NFL needs to get out ahead of concussion problem
From Indianapolis -- The rooms were separated by 40 steps. It could have been 40 miles. It might, one day, be 40 lifetimes.
In a hotel ballroom here Friday, in his annual Super Bowl address, NFL Commissioner Roger Goodell spoke glowingly about concussion treatment goals.
In a meeting room around the corner, an hour later, officials from a brain studies center talked somberly about concussion treatment realities.
In the ballroom, there were hundreds of media members.
In the meeting room, there were seven.
“It’s not a sexy topic,” said Chris Nowinski, Sports Legacy Institute chief executive. “Nobody wants to think about this.”
In the ballroom, there was a sparkling stage, glittering lights, the commissioner of a violent sport smoothly selling the masses on his commitment to safety.
In the meeting room, somebody hastily hauled away an NFL lectern before the brain people could begin speaking behind it. Once they began, their words were sometimes drowned out by nearby dance music.
“We’re talking about needing a dramatic culture change,” Nowinski said. “We’re talking about redefining manhood.”
Forty small steps, two vastly different agendas.
The NFL is wrestling with the notion that its best asset is also its deadliest. Realizing that the highlight head shots that popularize the brand might also be killing the players, the league is trying to figure out how to convince its teams to forgo victories to save lives.
The Sports Legacy Institute, in conjunction with Boston University, wants to take the politics out of all this by simply showing that concussions kill — and they have the brains to prove it.
So far, with financial help from the NFL, they have collected more than 100 donated brains from deceased athletes and soldiers. They have tested 80 of those and diagnosed 60 with Chronic Traumatic Encephalopathy, a neurological disease linked to concussions and repeated head trauma.
The brains of Dave Duerson and Andre Waters, two former star players who committed suicide, are among those diagnosed with CTE. There are countless other stories of aging players suffering dementia from too many hits to the head.
“Making people understand is like, many years ago, making people understand the connection between smoking and lung cancer,” Nowinski said. “One thing doesn’t come immediately after the other. Players don’t walk off the field and immediately get dementia. Everybody looks fine. Nobody has any idea.”
In the ballroom, hundreds of media members heard Goodell talk about the league’s effort to protect its players, which includes increased penalties for head shots and the utilization of an independent trainer to identify likely concussions when they happen.
In the meeting room, seven media members heard the brain people talk about how that’s just not enough.
This was the season when Cleveland Browns quarterback Colt McCoy was leveled by a devastating blow to the head from the Pittsburgh Steelers’ James Harrison, suffering a concussion that was viewed by millions . . . yet he was not even examined for a concussion and was sent back into the game.
This was also the season when Kris Dielman, a San Diego Chargers guard, was knocked silly during a game against the New York Jets, yet remained in the game, and later suffered a seizure on the flight home.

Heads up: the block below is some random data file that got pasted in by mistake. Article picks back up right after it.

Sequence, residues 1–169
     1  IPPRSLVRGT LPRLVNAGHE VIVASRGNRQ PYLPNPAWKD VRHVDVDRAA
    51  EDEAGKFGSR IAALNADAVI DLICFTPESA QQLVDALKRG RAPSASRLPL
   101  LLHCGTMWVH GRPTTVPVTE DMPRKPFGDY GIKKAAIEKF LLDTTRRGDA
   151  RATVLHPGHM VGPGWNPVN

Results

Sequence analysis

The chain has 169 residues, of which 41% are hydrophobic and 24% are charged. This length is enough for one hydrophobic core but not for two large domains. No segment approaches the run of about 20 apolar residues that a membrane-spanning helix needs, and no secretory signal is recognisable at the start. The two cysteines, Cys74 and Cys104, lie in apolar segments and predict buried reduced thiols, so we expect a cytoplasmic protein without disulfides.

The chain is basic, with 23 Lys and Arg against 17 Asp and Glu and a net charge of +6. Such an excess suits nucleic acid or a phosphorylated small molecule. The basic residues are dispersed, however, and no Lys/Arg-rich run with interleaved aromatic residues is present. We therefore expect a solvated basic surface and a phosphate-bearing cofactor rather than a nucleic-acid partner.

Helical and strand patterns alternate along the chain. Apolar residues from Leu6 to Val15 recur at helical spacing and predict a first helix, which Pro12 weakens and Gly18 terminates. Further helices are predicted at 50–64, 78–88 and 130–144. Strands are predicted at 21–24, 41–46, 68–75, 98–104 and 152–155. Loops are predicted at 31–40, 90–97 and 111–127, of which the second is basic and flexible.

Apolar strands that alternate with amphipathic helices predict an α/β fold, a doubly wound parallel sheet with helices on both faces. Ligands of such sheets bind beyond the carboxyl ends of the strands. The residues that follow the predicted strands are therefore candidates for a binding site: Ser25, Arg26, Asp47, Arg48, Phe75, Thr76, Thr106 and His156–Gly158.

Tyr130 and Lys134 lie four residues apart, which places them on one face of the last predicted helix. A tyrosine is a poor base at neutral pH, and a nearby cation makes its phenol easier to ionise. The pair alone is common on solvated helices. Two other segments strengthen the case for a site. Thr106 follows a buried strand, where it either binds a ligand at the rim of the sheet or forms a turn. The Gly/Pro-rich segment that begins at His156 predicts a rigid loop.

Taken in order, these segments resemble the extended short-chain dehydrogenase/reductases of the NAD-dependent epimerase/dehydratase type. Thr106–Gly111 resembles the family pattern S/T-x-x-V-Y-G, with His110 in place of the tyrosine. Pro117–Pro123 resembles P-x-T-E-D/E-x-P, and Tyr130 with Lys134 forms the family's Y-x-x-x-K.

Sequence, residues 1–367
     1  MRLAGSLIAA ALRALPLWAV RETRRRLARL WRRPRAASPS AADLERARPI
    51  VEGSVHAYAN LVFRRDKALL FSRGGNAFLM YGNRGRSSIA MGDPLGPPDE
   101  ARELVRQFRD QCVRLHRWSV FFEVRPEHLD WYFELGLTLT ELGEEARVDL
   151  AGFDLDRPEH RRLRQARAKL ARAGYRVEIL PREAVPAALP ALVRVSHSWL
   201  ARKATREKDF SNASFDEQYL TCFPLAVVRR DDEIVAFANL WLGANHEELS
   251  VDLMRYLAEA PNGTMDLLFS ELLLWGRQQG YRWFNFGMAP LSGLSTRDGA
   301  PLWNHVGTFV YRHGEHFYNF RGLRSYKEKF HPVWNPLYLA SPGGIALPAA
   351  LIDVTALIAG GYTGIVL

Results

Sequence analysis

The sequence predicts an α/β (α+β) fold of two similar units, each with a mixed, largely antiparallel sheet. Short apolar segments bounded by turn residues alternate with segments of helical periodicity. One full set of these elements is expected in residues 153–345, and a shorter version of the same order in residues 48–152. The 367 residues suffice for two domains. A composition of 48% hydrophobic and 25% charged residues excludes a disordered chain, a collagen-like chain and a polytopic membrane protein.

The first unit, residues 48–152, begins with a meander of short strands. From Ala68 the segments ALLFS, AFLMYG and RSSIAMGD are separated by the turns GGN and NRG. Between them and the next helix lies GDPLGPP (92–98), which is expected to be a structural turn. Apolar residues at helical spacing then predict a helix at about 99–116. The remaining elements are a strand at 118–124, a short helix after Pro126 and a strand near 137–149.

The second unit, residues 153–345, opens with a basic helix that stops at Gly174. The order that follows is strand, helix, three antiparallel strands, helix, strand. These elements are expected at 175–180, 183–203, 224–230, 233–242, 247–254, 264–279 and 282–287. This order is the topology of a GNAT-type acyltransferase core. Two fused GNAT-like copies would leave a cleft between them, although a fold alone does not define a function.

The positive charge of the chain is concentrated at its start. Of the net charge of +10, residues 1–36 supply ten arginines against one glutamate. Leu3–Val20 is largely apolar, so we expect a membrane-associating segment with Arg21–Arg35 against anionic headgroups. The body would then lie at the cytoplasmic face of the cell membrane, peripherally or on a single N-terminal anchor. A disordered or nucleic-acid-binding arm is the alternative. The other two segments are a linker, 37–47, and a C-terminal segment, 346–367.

In the ballroom, Goodell said, “We think we have the finest doctors in the world taking care of our players.”
In the meeting room, Nowinski said, “I have suspicions about longtime team doctors looking the other way.”
Those suspicions are shared by many. The answer to this dilemma would be simple. Instead of installing an independent trainer to look for concussions — a move the NFL made in response to the McCoy incident — why not require that all team doctors be independent?
Team doctors in the NFL often pay the teams for the right to treat their players. The teams get free medical care while the physicians get to advertise themselves as Dr. Jock. It works for everyone — except for the players, who sometimes must wonder whether they are being forced back into a game at great physical risk for the sake of the team.
“The way it works now, we can’t expect 100% honesty during a game until the team doctors are completely independent,” Nowinski said. “This is still a game for money, still a game for entertainment, and doctors might not want to tag a guy with a concussion diagnosis because of the economic consequences.”
The issue is so distressing that SLI used its news conference Friday to issue a proposal for a “hit count” for youth football leagues. The SLI is hoping to convince organizers of this country’s three million youth football players to require the removal of players from games after a certain number of hits, like a pitch count is used in youth baseball.
Youth tackle football can be so violent, so early, even Indianapolis Colts center Jeff Saturday, who showed his support by attending Friday’s news conference, refused to let his son play until he was 11.
“Football is so fun to watch, so fun to play, yet we ethically have to address the danger to children,” Nowinski said.
The sign outside the hotel ballroom read, “Large Press Conference.”
The sign outside the meeting room read, “Small Press Conference.”
Should be the other way around.
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